(Photo: Buena Vista Images / Getty Images)By Michelle Schoffro Cook
More from Care2 Green Living blog
The days are getting shorter. Fall has arrived in all its resplendent beauty. While the changing colors are lovely, insufficient daylight may find you down in the dumps and more tired than usual.
The Cleveland Clinic estimates that at least 10 to 20 percent of the population suffers from some sort of seasonal depression brought on by shorter days. An additional 4 to 6 percent of North Americans suffer from a more extreme version of "winter blues" called seasonal affective disorder (SAD).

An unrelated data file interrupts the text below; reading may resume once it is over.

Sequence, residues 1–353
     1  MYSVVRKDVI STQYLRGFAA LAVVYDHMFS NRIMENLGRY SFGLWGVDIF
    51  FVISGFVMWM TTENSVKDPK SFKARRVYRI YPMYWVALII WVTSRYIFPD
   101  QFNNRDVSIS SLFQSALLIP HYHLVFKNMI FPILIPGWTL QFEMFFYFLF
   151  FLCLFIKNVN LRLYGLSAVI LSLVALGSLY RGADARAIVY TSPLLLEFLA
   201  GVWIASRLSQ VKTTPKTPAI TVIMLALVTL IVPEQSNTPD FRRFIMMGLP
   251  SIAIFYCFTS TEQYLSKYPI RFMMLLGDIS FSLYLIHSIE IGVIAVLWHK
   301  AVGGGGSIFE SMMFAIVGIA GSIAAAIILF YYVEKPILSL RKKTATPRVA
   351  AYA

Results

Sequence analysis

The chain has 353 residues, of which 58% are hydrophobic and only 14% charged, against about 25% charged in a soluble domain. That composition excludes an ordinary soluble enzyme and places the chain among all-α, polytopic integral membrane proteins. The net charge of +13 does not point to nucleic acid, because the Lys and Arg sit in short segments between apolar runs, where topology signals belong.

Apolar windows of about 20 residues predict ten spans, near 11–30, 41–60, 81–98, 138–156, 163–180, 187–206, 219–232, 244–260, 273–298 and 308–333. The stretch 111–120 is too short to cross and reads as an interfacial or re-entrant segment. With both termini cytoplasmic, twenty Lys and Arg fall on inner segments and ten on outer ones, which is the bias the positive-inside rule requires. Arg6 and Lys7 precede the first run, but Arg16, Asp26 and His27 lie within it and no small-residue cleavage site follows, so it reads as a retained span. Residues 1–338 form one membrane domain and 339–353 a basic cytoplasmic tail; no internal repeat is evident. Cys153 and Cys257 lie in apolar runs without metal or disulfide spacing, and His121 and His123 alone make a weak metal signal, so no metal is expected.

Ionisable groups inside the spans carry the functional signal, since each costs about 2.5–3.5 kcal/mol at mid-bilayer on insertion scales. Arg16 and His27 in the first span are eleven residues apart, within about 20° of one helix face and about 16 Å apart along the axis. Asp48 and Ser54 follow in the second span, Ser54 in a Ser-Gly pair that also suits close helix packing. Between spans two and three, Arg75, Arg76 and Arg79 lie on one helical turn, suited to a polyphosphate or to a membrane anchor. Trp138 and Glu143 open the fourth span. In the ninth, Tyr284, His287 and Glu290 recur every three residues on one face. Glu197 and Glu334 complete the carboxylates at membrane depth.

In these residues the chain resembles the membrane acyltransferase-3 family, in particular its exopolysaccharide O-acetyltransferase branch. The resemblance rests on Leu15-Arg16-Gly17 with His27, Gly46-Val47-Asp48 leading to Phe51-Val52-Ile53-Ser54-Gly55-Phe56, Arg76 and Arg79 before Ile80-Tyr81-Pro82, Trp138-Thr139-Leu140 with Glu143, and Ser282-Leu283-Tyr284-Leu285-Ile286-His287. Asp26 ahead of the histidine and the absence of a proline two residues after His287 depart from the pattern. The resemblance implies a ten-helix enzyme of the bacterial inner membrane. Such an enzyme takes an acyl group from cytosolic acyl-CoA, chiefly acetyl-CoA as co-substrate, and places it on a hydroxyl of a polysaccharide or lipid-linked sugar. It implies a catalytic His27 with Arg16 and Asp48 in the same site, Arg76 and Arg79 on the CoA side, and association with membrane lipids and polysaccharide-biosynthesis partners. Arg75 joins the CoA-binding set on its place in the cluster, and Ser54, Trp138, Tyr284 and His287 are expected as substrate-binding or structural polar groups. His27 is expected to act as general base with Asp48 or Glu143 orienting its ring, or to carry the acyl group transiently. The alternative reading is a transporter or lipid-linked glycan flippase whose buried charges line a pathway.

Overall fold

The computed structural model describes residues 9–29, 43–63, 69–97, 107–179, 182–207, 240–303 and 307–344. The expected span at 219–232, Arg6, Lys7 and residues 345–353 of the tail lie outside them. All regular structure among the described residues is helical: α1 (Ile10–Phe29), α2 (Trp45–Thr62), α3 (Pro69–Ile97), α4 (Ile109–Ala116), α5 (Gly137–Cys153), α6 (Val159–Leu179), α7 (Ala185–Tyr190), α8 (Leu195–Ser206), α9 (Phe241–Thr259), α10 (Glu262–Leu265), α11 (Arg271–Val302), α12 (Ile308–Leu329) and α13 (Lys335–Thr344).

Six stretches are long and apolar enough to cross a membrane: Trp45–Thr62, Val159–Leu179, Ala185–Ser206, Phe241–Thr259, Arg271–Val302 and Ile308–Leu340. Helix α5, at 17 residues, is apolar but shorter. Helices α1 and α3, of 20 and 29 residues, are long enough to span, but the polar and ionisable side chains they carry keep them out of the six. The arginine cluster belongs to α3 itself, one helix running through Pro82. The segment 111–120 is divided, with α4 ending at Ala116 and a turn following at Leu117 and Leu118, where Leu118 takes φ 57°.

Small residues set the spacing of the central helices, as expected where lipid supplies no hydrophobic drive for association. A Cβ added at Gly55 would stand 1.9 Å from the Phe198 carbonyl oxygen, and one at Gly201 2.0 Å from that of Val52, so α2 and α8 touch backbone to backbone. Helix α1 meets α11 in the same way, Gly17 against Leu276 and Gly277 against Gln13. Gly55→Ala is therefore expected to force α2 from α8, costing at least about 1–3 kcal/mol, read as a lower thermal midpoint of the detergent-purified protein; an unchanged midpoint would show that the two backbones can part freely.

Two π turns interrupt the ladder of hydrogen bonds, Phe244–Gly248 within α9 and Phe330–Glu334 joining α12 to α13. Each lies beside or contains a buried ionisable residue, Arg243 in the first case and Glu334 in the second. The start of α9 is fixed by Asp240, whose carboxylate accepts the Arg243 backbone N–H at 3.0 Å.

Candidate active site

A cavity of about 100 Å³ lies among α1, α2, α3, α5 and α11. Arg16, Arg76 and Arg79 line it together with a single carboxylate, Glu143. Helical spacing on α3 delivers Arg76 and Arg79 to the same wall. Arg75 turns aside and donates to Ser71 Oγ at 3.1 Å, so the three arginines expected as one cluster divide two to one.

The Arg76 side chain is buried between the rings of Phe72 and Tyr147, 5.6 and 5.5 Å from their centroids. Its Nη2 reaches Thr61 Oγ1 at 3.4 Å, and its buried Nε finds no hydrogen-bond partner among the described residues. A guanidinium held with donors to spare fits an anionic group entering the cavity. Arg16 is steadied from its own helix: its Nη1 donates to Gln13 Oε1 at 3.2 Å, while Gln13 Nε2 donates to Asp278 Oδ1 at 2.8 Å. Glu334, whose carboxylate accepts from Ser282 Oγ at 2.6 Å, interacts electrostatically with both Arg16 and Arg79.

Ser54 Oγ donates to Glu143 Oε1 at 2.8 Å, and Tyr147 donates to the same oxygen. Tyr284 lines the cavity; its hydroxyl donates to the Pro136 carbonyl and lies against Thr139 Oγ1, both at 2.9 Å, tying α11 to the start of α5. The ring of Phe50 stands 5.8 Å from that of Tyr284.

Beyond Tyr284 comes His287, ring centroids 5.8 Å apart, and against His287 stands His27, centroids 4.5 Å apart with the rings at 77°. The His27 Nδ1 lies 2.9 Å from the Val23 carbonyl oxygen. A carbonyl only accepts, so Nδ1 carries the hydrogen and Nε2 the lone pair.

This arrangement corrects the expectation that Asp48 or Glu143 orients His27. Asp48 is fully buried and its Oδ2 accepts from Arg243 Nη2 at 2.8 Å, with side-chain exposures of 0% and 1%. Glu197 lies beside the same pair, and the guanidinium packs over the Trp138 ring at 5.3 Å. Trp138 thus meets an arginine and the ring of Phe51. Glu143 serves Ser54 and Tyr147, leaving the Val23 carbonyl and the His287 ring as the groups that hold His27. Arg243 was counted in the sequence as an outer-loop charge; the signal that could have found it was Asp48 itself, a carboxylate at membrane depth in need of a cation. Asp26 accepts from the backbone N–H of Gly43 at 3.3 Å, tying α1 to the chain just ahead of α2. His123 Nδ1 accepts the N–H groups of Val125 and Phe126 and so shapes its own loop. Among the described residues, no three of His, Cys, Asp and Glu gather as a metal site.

At this stage of the research, the disorder seems to be related to insufficient light and the resulting hormonal disruptions caused by the pineal gland. When the pineal gland believes it is in darkness, it secretes a hormone called melatonin, which has sedative properties.
There are numerous symptoms of the winter blues, but the main ones usually appear in the colder season and include:
- Change in appetite, particularly for